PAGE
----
Why is it unusually foggy over north India this winter?
Q. What is the news?
- For several days during the last two months, zero visibility and dense fog has engulfed parts of Delhi and all of Punjab and Haryana keeping up with cold weather conditions. Last week alone, multiple road accidents due to poor visibility killed close to a hundred people.
What is behind this intense fog which has stayed on for several days this season?
Q. What is fog?.
- Fog is a phenomenon of small droplets remaining suspended in the air. Fog develops normally during late evening, night or early morning hours of the day, severely affecting visibility. Poor visibility, falling to less than a kilometre disrupts the smooth flow of vehicular and air traffic. Road accidents, delays in flight take-offs and landings are linked to poor visibility caused by fog. Foggy conditions prevail over the plains of north India during the winter season and can prolong for days and sometimes even for weeks.
Q. What factors led to dense fog over north India this winter?
- Fog developed over Delhi-Haryana-Punjab belt during February 2-6, due to the passing of an active western disturbance, which caused light rain and brought along fresh moisture over these regions. Though western disturbances continued to pass through the extreme northern hilly terrains affecting weather over Jammu and Kashmir and Ladakh during February 8-19, the plains largely remained unaffected.
In the absence of an active western disturbance, an anticyclone formed and stayed put over the extreme north of the plains. This coincided with the dominant easterly waves pumping in moisture into the region, favouring the fog formation.
- Clear sky conditions accompanied by calm winds during the day allowed the fog to persist for longer than normal duration.
- The Punjab-Haryana-Delhi belt is infamous for possessing a high concentration of sources causing air pollution, but this season, the pollutants had little role to play with respect to fog, meteorologists said.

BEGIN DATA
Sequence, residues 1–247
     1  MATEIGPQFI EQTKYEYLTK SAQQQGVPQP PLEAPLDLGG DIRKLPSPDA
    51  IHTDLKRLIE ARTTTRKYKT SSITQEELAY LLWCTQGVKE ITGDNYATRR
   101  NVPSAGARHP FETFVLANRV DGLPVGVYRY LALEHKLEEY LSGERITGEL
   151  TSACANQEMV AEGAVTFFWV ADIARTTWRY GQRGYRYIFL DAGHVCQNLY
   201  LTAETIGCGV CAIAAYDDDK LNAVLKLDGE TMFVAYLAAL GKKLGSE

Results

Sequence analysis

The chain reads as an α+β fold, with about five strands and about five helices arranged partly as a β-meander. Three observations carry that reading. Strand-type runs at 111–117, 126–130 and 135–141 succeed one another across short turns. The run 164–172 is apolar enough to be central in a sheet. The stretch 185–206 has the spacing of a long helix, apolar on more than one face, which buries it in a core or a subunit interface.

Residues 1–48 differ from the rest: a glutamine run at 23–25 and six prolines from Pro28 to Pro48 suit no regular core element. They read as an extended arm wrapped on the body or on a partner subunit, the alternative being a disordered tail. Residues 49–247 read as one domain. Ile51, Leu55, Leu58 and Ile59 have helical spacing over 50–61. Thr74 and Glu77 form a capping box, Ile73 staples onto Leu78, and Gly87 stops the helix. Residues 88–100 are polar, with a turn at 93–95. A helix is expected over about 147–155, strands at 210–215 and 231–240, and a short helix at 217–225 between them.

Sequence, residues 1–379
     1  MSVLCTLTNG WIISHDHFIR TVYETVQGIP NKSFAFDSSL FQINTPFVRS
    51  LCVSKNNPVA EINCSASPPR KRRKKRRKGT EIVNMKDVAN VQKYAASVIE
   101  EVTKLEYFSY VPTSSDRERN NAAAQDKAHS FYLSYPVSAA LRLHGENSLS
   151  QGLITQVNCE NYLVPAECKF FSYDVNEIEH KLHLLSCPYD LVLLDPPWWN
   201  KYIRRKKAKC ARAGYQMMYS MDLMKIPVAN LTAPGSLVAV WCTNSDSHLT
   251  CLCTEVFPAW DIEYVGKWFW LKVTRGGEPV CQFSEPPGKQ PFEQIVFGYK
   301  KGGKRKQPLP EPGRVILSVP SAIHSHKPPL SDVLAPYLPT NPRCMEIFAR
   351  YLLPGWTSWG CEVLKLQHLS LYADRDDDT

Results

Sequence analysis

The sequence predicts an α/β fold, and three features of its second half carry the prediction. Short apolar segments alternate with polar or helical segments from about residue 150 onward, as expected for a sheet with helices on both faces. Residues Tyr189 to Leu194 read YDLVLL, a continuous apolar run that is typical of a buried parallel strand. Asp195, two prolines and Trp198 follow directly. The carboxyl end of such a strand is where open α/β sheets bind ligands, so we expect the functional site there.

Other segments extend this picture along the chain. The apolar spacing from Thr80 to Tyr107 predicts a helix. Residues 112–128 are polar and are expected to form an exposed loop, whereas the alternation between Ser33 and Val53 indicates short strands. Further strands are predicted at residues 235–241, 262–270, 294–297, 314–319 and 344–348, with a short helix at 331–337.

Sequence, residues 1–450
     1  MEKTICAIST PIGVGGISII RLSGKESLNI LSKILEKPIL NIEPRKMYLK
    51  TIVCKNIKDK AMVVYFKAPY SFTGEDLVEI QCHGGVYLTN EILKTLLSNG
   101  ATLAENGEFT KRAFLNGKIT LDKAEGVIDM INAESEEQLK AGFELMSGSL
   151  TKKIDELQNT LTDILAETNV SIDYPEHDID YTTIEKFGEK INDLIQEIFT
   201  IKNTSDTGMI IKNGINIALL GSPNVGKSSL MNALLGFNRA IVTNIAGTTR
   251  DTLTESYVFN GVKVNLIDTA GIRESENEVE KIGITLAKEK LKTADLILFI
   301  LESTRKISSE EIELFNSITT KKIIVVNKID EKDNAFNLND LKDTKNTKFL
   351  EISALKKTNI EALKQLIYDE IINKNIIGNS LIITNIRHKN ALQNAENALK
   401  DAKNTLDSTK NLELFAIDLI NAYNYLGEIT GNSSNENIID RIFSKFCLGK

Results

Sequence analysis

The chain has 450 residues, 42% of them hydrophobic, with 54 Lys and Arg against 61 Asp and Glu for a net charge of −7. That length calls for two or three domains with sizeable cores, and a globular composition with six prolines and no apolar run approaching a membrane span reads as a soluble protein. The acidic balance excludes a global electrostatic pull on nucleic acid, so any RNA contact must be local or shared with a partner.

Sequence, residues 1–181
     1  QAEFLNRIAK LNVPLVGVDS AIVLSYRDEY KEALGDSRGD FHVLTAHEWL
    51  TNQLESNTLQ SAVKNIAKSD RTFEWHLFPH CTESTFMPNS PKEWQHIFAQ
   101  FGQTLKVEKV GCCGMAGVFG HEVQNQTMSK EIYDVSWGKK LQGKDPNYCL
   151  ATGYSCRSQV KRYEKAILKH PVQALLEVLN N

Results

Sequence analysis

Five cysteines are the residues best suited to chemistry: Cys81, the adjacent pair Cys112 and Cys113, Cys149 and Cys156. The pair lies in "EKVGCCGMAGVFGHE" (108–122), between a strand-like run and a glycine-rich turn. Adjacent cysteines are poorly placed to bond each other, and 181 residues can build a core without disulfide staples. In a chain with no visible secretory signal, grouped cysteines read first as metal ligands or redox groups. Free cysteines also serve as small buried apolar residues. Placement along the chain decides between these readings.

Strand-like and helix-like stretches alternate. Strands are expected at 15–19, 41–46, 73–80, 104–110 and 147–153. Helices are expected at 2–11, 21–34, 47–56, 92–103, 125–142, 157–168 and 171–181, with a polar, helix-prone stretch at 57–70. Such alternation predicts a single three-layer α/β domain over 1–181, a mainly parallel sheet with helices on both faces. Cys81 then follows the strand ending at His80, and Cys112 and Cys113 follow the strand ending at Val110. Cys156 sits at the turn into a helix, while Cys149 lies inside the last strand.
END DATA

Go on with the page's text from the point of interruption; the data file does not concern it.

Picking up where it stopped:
- With the persistent prevalence of an easterly trough across Central India after February 8, the easterly winds continued to remain active for 9 to 10 consecutive days. This resulted in continuous moisture being fed and the water droplets contributed towards the fog development and its persistence all these days.
Q. Why is the fog unusual this year?
Even though fog over the plains of north India is common during December to February months, fog along the Indo-Gangetic plains this season has been unique in more than one way.
It is mainly due to these three reasons:
1. The prolonged persistence of foggy conditions recorded continuously between 7pm to 10.30am, especially at Amritsar airport, Punjab.
2. The growing geographical expanse of zero visibility with very dense fog conditions engulfing Punjab-Haryana-Delhi belt.
3. The timing of very dense fog for 9 to 10 days, as such conditions occur limited to 2 or 3 days within the first week of February.
Q. For how many days in February has fog been reported so far?
The airport data on fog shows that very dense fog was reported for 12 nights and days over Amritsar airport which accounted for a total of 156 hours in February (till February 19) alone. This was record sort, as, on average, Amritsar airport experiences fog for four nights and days equivalent to 15 hours, that too during the entire month. A similar trend was noticed over Amritsar in January with 16 nights/days equal to 110 hours and in December with the fog affecting 17 nights/days totalling 161 hours.
Whereas, over New Delhi, the total number of fog days has surpassed the February average, noted the Met experts. As opposed to an average three nights/days equal to 12 hours in all of February, the Indira Gandhi International (IGI) airport till February 19 has experienced fog for four nights/days measuring 13 hours.